• Anh NH, Kim SJ, Long NP, Min JE, Yoon YC, Lee EG, Kim M, Kim TJ, et al. Ginger on human health: a comprehensive systematic review of 109 randomized controlled trials. Nutrients. 2020;12:157. [PMC free article: PMC7019938] [PubMed: 31935866]
    (An extensive systematic review of clinical trials of ginger for various conditions identified 109 qualifying trials including 43 considered to be of high quality, providing convincing data of the benefit of ginger for nausea and vomiting of pregnancy, inflammation [including osteoarthritis], metabolic function [hyperlipidemia, glucose control], digestive function, and colorectal cancer markers, whereas the beneficial effects of ginger in other conditions studied were “relatively controversial”, but adverse events are mostly mild gastrointestinal complaints; no mention of serious adverse events or hepatoxicity).
  • Martins LB, Rodrigues AMDS, Monteze NM, Tibaes JRB, Amaral MHA, Gomez RS, Teixeira AL, et al. A double-blind placebo-controlled randomized clinical trial of ginger (Zingiber officinale Rosc.) in the prophylactic treatment of migraine. Cephalalgia. 2020;40:88-95. [PubMed: 31398997]
    (Among 107 adults with episodic migraine treated with ginger [200 mg] or placebo 3 times daily for 3 months, there was no difference in rate of migraine episodes in the two groups, but adverse events were more frequent with ginger including heartburn in 12 [23%] that led to early discontinuation in 4 [7.5%], no mention of ALT elevations or hepatoxicity).
  • Nocerino R, Cecere G, Micillo M, De Marco G, Ferri P, Russo M, Bedogni G, et al. Efficacy of ginger as antiemetic in children with acute gastroenteritis: a randomised controlled trial. Aliment Pharmacol Ther. 2021;54:24-31. [PMC free article: PMC8252074] [PubMed: 34018223]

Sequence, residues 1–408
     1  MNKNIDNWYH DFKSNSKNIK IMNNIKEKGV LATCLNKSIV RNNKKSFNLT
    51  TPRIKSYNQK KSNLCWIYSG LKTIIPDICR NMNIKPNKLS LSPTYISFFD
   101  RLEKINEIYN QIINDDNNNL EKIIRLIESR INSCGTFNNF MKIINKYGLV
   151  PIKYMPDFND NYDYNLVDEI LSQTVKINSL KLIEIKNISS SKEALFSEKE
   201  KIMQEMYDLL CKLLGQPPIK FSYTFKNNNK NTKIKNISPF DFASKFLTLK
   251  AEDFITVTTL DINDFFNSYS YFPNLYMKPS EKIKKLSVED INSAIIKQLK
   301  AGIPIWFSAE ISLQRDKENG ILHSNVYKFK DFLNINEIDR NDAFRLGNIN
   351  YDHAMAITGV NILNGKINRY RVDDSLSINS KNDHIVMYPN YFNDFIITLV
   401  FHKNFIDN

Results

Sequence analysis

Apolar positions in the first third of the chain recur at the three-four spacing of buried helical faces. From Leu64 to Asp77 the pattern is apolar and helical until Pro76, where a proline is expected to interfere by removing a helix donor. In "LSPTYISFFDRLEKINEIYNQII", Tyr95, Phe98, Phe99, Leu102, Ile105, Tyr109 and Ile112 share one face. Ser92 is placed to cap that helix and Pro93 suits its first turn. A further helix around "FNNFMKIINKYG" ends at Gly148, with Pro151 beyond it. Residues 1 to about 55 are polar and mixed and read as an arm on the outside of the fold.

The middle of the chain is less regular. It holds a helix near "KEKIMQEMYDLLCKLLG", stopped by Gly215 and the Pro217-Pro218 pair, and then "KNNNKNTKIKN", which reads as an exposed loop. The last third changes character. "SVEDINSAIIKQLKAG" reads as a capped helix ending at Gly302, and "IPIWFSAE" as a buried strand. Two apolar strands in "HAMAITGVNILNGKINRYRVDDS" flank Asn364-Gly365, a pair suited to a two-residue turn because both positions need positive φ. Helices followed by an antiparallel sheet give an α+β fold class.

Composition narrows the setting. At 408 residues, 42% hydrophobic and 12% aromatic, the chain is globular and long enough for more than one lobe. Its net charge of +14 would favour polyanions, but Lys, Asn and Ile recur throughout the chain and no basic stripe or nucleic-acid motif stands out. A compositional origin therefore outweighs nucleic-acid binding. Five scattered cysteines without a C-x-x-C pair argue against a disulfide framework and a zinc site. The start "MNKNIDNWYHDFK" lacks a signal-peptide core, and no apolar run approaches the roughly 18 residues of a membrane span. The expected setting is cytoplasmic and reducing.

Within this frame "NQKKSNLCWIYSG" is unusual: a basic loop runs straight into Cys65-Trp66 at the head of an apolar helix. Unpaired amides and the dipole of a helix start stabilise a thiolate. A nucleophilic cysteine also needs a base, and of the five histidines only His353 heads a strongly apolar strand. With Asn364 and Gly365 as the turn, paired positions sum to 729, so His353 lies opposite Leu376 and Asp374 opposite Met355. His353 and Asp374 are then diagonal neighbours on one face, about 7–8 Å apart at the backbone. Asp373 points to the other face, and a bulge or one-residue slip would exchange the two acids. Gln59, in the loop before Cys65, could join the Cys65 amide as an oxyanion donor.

(Among 150 children with acute gastroenteritis treated with ginger extract [10 mg in 20 liquid drops, repeated every 8 hours until vomiting stops] vs placebo, episodes of vomiting occurred in 67% vs 87% in the subsequent two days and there were no adverse events reported from either group).
  • Ballotin VR, Bigarella LG, Brandão ABM, Balbinot RA, Balbinot SS, Soldera J. Herb-induced liver injury: Systematic review and meta-analysis. World J Clin Cases. 2021;9:5490-5513. [PMC free article: PMC8281430] [PubMed: 34307603]
    (Systematic review of the literature on herb induced liver injury identified 446 references describing 936 cases due to 79 different herbal products, the most common being He Shou Wu [91], green tea [90] Herbalife products [64], kava kava [62] and greater celandine [48]; ginger was not among the 79 implicated products).
  • Bessone F, García-Cortés M, Medina-Caliz I, Hernandez N, Parana R, Mendizabal M, Schinoni MI, et al. Herbal and dietary supplements-induced liver injury in Latin America: experience from the LATINDILI Network. Clin Gastroenterol Hepatol. 2022;20:e548-e563. [PubMed: 33434654]
    (Among 367 cases of hepatotoxicity enrolled in the Latin American DILI Network between 2011 and 2019, 29 [8%] were attributed to herbal products, the most frequent being green tea [n=7], Herbalife products [n=5] and garcinia [n=3], while ginger is not mentioned).
  • Samadi M, Moradinazar M, Khosravy T, Soleimani D, Jahangiri P, Kamari N. A systematic review and meta-analysis of preclinical and clinical studies on the efficacy of ginger for the treatment of fatty liver disease. Phytother Res. 2022;36:1182-1193. [PubMed: 35106852]